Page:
Published on November 26th, 2007 | by Stephanie Evans
5 Steps to Becoming the Greenest Firewood User
Burning anything levies environmental consequences—no exceptions! Burning wood obviously produces smoke and destroys trees, which are a renewable resource when managed sustainably, but this is not usually the case.
Follow these tips to cut back on your fire-inspired pollution “contribution” and win the honorary title of Greenest Firewood User . . .
- Buy local wood harvested by the owner of a woodlot who has an investment in the sustainable management of his acreage.
- Only burn dry hardwoods. Wood energy is a function of the dry (cured) weight of the wood. Dense, heavy species such as oak, hickory, or eucalyptus give more heat for a given piece of wood, and burning these is thus a more efficient use of a tree than burning lightweight woods like pine and fir. Burning green, uncured wood produces a lot of polluting smoke and is also inefficient, since much of the heat is used to drive off the water (if you can even get the stuff to light).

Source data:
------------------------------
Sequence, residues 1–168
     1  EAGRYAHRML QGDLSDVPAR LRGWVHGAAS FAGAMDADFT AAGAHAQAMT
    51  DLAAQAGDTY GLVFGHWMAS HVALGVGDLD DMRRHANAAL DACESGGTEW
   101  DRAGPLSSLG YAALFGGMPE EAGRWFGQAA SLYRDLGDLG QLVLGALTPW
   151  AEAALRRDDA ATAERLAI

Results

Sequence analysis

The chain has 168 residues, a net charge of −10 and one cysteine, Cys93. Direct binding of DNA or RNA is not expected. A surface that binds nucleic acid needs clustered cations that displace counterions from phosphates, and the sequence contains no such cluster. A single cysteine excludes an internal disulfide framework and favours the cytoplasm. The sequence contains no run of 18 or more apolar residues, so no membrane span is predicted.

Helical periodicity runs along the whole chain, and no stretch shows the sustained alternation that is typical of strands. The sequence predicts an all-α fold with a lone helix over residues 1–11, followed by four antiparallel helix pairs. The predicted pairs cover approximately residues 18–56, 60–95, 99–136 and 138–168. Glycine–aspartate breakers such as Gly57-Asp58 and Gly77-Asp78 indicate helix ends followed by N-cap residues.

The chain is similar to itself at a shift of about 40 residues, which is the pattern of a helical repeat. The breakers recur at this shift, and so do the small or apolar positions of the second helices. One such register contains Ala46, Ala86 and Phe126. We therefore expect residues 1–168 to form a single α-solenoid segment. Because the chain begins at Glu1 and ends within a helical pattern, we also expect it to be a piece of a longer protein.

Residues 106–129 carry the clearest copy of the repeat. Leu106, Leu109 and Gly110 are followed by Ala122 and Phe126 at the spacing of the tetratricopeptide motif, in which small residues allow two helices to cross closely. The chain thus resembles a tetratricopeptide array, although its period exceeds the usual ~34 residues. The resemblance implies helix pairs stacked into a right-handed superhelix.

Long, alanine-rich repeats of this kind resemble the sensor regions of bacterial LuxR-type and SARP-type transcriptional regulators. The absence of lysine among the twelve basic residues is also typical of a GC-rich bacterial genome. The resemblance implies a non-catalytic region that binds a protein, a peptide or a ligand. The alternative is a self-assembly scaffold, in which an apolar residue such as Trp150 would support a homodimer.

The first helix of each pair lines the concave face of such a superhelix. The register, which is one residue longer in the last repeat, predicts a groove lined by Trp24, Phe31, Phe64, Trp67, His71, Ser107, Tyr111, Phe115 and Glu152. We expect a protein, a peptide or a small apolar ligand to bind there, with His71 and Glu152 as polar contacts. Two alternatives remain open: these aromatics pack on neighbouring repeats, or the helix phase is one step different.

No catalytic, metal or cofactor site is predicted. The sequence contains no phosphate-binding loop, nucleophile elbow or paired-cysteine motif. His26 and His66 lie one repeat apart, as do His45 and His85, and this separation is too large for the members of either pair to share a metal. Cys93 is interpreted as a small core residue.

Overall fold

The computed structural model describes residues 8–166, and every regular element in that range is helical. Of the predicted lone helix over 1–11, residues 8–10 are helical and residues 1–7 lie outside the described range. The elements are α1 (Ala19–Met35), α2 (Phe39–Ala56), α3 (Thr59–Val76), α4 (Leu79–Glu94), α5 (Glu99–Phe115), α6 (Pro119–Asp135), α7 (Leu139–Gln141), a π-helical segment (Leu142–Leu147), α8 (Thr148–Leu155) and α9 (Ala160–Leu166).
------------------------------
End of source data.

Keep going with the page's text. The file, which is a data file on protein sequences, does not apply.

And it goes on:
- Replace your old wood stove. Use a properly sized, installed, and maintained appliance with an EPA rating. In the 1980’s, the EPA began limiting the sale of new stoves to clean-burning designs. They produce 90% less air pollution and are at least 30% more efficient than the old stoves, but there are still many old smoke-spouters around. Don’t get an old, illegal stove—it may be cheap, but it’s not a bargain for the environment or for your safety.
- Never burn garbage, chemically treated wood, or plywood, as it sends poisons into the air.
- Insulate and weather-seal your house. Don’t waste those BTUs!